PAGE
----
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New Paths To Organizational Learning

Shrivastava (1983) postulated that organizational learning arises from the ways in which knowledge is developed and shared in the organization. Moreover, according to Hult and Ferrell (1997), organizational learning refers to the manner in which the organization transfers and integrates information. It is for this reason that Schwandt and Gundlach (1992) posit organizational learning as a process that transforms information into knowledge.

Key Terms in this Chapter

Feedback: Flows of learning that occur between levels of learning, known as feedback - from the organization to groups and individuals; tension in this flow of learning, known as exploitation, is concerned with feedback and includes issues of selection, refinement, efficiency as well as execution with vested interest in short term benefits. Moreover, exploration learning, at the individual level, is associated with developing and absorbing.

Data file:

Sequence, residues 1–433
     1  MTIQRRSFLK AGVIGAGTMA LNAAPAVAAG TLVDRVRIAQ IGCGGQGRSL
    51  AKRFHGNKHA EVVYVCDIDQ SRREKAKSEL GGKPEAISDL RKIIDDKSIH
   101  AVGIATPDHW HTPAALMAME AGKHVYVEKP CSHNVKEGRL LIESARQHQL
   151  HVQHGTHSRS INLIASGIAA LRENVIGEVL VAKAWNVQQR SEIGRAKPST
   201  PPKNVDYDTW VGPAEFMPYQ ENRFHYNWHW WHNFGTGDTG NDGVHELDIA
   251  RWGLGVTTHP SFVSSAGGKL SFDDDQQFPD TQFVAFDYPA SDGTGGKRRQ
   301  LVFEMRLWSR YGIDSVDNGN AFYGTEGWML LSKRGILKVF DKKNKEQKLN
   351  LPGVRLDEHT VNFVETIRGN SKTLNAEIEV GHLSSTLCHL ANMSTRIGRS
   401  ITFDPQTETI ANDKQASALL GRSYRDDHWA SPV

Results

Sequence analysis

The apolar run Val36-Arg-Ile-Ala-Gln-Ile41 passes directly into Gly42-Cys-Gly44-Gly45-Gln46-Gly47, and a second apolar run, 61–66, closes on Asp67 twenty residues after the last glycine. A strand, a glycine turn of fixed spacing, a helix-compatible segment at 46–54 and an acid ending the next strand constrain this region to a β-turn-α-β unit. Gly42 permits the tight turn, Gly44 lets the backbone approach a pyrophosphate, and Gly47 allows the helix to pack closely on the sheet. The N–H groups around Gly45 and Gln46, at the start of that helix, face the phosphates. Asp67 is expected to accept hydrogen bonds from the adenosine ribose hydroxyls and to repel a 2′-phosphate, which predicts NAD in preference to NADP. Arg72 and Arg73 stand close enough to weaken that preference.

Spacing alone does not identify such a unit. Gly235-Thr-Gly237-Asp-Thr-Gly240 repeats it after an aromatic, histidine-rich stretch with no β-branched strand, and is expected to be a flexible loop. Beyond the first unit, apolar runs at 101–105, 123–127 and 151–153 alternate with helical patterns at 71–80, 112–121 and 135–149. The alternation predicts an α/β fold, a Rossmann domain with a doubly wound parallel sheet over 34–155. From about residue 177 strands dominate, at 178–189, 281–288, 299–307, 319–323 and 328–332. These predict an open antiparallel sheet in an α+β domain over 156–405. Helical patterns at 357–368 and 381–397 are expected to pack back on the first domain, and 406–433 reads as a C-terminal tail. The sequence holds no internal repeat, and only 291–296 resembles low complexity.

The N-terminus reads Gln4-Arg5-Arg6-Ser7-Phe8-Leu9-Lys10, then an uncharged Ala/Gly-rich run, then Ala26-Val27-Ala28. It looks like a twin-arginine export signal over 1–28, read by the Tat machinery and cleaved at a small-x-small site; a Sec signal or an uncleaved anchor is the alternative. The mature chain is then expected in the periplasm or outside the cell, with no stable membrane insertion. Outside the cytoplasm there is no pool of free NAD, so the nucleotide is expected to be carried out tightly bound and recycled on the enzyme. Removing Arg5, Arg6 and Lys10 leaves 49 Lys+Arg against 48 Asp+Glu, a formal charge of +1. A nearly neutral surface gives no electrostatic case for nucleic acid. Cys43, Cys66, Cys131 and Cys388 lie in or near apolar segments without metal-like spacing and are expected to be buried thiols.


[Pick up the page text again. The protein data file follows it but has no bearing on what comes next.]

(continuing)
Performance: Exploratory and exploitative learning, at the individual, social and organizational levels, may give, rise to high performance levels. Social and structural factors impact on organizational performance and mediate individual learning. Positive results energize self-beliefs, produce higher levels of performance arising from reflection on one’s self-efficacy and double loop learning.